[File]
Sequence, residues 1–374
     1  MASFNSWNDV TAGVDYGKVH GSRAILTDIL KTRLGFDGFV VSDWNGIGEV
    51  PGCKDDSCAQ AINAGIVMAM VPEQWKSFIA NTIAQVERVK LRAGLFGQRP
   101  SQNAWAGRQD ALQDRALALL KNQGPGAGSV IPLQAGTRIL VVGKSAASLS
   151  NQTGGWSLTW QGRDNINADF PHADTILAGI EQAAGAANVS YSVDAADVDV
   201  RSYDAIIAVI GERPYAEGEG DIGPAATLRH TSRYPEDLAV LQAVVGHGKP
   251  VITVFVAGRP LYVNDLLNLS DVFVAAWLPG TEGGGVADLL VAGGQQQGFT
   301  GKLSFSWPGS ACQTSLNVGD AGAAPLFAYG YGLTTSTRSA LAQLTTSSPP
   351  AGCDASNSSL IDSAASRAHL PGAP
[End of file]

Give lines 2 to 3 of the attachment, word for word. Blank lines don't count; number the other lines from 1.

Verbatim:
     1  MASFNSWNDV TAGVDYGKVH GSRAILTDIL KTRLGFDGFV VSDWNGIGEV
    51  PGCKDDSCAQ AINAGIVMAM VPEQWKSFIA NTIAQVERVK LRAGLFGQRP